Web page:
The ever-identifiable voice of Johnny Cash may not be whistling in the background, but that doesn’t mean East Valley residents and astronomers across the globe won’t be experiencing their own “Ring of Fire” come sunset on Sunday.
Visible in the continental U.S. for the first time in about 20 years, an annular solar eclipse will take place, and also provide people from China to Texas at least a partial look at the event which last crossed by these parts in 1994.
And East Valley residents are invited to view the solar event from the Gilbert Rotary Centennial Observatory located at Riparian Preserve at Water Ranch, 2757 E. Guadalupe Road. The observatory is set to mark the event in the sky through specialized solar-equipped telescopes.
Beginning at 5:15 p.m. Sunday, participants hosted by observatory officials and the East Valley Astronomy Club will be able to view the annular solar eclipse for free. The event lasts for two hours, with the major portion of the eclipse visible about 6:30 p.m. Sunset is about 7:30 p.m., which is before the event has fully cleared.
An eclipse, the moon passing between the sun and Earth, will cause a large burning sphere to be partially or totally obscured. Because of the position of the Earth and moon, the sun will not be completely covered and a “ring of fire” will appear in a manner that looks somewhat like a silver lining.
“It’s quite a spectacular sight,” said Dave Coshow, general manager of the Gilbert Rotary Centennial Observatory. “It will be like seeing a thin ring of fire in the sky that looks like a little halo. At one point, you’ll see the sun almost completely covered by the moon. It’s like a cloud going in front of the sun. It won’t be nearly as dark as a total eclipse that we see happen about every two years, but it is something that we don’t get to see very often.”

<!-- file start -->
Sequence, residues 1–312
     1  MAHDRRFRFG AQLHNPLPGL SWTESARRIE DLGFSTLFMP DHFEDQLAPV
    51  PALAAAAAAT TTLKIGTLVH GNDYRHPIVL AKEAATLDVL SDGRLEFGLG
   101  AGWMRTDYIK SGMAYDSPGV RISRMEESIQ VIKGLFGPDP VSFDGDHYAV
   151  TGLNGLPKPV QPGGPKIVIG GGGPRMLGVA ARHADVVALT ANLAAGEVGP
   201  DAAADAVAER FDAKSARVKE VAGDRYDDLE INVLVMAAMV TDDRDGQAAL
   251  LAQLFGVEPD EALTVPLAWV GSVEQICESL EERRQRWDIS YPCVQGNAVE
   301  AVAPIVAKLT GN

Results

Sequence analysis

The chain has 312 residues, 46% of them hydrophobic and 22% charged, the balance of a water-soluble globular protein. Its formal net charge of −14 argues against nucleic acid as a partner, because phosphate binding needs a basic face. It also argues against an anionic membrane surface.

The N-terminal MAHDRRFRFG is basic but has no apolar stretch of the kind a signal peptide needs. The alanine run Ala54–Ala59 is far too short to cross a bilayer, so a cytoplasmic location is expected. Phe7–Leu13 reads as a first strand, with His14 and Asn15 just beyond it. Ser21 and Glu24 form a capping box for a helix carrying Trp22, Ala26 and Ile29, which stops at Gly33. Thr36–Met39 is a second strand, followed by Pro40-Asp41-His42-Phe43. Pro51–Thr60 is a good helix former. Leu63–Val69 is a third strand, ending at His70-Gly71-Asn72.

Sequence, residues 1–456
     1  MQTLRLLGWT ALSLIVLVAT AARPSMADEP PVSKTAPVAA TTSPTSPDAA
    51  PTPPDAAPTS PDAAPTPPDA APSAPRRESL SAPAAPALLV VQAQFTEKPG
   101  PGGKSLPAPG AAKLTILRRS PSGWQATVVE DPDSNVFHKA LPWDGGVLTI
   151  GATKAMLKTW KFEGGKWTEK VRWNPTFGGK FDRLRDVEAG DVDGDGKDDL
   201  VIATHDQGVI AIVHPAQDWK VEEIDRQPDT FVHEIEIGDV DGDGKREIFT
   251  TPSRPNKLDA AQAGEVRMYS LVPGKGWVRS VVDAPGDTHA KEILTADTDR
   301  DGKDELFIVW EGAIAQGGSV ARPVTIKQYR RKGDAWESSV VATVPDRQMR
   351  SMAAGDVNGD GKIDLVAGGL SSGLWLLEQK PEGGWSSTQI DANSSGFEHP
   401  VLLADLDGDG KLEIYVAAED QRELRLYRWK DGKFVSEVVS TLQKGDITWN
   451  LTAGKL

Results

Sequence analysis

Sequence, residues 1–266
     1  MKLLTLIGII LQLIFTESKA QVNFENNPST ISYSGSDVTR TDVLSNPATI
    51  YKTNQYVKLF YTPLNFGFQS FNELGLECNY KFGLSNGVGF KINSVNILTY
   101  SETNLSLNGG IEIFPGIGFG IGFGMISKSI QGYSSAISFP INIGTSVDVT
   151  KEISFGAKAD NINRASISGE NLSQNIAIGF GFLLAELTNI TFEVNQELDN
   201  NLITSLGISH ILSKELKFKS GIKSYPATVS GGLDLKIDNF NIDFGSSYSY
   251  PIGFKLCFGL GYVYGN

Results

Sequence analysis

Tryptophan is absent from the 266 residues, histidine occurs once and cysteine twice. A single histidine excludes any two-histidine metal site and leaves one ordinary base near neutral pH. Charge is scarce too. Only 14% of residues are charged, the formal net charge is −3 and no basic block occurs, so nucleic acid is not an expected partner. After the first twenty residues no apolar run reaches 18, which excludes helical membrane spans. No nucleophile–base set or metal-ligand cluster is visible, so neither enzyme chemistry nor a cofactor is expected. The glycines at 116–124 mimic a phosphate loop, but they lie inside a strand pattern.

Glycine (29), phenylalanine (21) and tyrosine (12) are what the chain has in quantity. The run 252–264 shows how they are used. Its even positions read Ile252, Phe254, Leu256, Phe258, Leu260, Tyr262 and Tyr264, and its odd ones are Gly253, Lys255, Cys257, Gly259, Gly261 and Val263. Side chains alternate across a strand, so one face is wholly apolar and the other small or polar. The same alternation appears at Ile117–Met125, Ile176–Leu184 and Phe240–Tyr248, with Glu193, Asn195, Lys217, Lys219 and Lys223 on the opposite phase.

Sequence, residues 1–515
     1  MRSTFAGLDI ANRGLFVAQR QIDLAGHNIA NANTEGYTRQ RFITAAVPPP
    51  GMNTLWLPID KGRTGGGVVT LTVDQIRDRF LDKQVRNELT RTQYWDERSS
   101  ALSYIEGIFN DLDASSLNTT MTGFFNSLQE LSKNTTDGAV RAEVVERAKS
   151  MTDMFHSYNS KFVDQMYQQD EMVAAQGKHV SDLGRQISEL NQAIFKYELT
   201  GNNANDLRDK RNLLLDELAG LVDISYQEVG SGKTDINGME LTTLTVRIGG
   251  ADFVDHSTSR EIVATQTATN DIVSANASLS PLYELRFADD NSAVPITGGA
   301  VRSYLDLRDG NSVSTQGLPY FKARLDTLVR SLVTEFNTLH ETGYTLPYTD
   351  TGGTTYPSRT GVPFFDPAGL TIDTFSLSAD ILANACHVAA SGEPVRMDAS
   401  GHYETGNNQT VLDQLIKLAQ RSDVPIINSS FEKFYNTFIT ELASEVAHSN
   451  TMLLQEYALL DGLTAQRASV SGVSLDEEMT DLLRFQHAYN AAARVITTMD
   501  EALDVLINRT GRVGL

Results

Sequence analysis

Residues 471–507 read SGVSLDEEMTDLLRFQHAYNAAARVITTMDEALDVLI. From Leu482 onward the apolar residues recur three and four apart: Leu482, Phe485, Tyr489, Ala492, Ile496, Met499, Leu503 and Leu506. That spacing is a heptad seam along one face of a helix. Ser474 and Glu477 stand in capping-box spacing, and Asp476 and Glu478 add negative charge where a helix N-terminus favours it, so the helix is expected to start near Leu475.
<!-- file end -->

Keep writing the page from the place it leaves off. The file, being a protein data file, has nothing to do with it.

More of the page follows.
“An annular eclipse is not so much rare as in itself, what is rare is that it’s happening where we are,” Coshow added.
The East Valley Astronomy Club, based in Mesa, has about 200 members, some of whom will be at Sunday’s eclipse, but many of the members are traveling north this weekend to view the eclipse from Page, possibly the best vantage point in the state. The moon viewed from Page will cover about 98 percent of the sun; comparably, East Valley residents will be able to see about 85 percent of the sun covered by the moon, according to Coshow.
The annular eclipse on Sunday will be the first time that the observatory in Gilbert will be host to such an event. The 7-year-old facility didn’t exist when the last annular eclipse could be viewed. The glowing ring is expected to show itself in southwest Oregon, northern California, central Nevada, southern Utah, Arizona and the Texas panhandle.
The high-powered telescope at the Gilbert facility cannot see below about 16 degrees, so a series of smaller hydrogen alpha light solar telescopes will be used, and positioned on the west side of the facility and along the walk area that surrounds the observatory.
The hydrogen alpha light telescopes allow viewers to actually see the surface of the sun and not just a white ball that could be seen through welding glasses.
“We’re going to scrounge up all the telescopes we can,” Coshow said.
About two weeks ago, Valley astronomers reveled in seeing the Super Moon or “Monster Moon,” as the moon was its closest to the Earth.
With an annular eclipse, the moon is the farthest away from the Earth in its orbit.
“If the moon was closer to the earth, we’d get a total eclipse,” Coshow pointed out. “This way, the moon and sun look about the same size. The sun is approximately 93 million miles away and the moon is 240,000 miles away.”
Gazers — no matter where they are viewing the eclipse from — are reminded not to directly look at the eclipsed sun as to avoid serious injuries to one’s eyes. People are urged to wear protective glasses that are specifically designed for solar viewing.
“One thing I tell people who are not familiar with viewing eclipses is please don’t go out and try to use a pair of sunglasses to view it,” Coshow said. “If you look directly at the sun, you could be blind within seconds.”
Glasses for solar viewing are known to be available at Photon Instruments in Mesa and possibly at the Science Center in downtown Phoenix, Coshow said.
“I think it’s a unique opportunity,” said Lisa Hermann, educational coordinator for the Riparian Preserve at Water Ranch. “I don’t know much about astronomy, but personally, I’m excited.”
The next “Ring of Fire” eclipse will be visible in 2023.
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